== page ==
Edinburgh City Council's planning committee is set to reject Foster and Partners' £400 million masterplan for the city's Royal Infirmary next month.
The 7.5ha town centre scheme has come in for stinging criticism from the Royal Fine Art Commission for Scotland and local residents.
One senior source within the council told the AJ that he expected the project - which will create a new urban quarter with a 220-bed hotel, 600 new homes and 60,000m 2 of offices - to be dismissed by the planning committee as too large and 'damaging on the Edinburgh World Heritage site'.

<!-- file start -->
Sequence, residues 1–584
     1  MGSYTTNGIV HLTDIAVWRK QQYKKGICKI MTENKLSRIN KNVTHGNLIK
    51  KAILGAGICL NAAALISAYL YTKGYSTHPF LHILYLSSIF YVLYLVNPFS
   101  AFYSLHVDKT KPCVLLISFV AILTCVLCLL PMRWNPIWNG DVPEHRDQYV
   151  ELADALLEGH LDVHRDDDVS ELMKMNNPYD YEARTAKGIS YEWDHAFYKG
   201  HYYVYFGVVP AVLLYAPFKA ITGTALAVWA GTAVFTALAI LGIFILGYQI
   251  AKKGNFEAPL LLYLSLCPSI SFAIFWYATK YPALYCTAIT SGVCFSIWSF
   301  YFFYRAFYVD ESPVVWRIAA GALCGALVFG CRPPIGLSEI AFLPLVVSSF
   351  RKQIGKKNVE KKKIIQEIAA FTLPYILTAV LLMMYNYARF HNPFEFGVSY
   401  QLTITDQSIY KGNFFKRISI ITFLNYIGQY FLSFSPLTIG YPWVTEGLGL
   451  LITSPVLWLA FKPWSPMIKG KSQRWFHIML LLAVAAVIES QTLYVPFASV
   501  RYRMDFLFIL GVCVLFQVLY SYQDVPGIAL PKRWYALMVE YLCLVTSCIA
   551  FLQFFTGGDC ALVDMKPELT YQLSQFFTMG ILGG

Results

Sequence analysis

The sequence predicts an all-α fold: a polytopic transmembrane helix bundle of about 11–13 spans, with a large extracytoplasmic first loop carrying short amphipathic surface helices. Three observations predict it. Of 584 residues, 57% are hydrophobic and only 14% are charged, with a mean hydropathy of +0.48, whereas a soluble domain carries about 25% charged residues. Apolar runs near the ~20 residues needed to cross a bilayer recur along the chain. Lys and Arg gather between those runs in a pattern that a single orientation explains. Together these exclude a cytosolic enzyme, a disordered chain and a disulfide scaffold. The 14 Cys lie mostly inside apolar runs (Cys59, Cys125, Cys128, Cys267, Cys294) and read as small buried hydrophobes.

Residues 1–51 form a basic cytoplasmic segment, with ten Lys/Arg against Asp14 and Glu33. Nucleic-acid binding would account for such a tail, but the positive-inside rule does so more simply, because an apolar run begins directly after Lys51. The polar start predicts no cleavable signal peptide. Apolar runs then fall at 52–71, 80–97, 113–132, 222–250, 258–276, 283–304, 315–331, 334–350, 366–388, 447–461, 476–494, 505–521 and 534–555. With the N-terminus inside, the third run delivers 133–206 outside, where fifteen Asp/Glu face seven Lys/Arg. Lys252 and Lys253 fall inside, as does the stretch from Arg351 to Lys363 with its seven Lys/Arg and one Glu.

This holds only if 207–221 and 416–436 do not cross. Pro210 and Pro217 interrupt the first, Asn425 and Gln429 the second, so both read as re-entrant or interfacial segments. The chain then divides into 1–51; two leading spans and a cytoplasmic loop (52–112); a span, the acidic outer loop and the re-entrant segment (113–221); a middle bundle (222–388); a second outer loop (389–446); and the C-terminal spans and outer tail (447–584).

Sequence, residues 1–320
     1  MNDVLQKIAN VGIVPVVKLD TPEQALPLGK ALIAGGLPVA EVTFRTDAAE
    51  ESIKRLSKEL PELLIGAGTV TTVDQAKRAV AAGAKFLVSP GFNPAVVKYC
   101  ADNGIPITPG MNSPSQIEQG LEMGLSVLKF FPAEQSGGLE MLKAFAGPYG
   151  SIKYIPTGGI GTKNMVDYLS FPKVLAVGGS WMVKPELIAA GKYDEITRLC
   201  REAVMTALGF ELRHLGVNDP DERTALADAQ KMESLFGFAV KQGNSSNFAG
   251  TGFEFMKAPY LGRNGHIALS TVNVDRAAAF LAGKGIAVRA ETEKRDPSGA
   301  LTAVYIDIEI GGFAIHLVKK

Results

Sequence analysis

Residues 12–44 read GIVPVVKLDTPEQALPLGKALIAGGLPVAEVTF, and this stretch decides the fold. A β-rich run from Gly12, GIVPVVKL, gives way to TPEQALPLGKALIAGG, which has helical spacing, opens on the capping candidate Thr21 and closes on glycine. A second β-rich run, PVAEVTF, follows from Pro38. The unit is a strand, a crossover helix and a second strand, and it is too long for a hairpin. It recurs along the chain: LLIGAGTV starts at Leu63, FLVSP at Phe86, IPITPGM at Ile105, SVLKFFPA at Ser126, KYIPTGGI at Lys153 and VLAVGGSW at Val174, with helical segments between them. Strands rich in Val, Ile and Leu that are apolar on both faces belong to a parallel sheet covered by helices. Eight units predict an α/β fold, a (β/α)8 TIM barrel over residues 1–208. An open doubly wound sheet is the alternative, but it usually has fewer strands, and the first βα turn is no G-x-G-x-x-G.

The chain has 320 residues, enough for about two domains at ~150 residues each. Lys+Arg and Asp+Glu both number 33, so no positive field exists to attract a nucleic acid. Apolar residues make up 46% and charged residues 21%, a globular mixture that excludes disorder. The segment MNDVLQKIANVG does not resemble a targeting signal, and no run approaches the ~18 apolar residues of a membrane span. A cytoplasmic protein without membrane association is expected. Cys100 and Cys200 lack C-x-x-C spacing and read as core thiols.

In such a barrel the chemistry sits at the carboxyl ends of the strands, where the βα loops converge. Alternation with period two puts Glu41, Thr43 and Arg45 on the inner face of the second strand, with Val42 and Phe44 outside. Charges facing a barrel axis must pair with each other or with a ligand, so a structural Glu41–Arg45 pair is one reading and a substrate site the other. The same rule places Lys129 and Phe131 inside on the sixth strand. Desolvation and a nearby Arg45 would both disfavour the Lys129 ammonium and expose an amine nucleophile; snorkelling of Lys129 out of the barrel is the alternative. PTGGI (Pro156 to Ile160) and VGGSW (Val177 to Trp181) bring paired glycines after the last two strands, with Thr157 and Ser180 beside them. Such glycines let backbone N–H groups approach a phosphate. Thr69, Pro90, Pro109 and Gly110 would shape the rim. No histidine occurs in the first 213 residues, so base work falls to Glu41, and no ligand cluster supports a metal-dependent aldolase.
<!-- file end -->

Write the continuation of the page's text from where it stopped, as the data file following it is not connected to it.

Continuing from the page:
Councillors, he claimed, are concerned that the scheme will impair the castle's sight lines for local residents and 'be out of scale' with the city's historic quarter. 'There is almost no chance that the committee will give this the green light, ' the source said. 'They are far too worried about the scale and members are worried about residents' views'.
And he said the committee would point to a recent report by the Royal Fine Art Commission for Scotland seen by the AJ that savages the project in its current form.
However, the Hurd Rolland Partnership's Alan Clyde - who has also worked on the scheme with Richard Murphy Architects and Page & Park Architects - dismissed the supposed problems.
Foster and Partners also insisted the practice was satisfied with the scheme.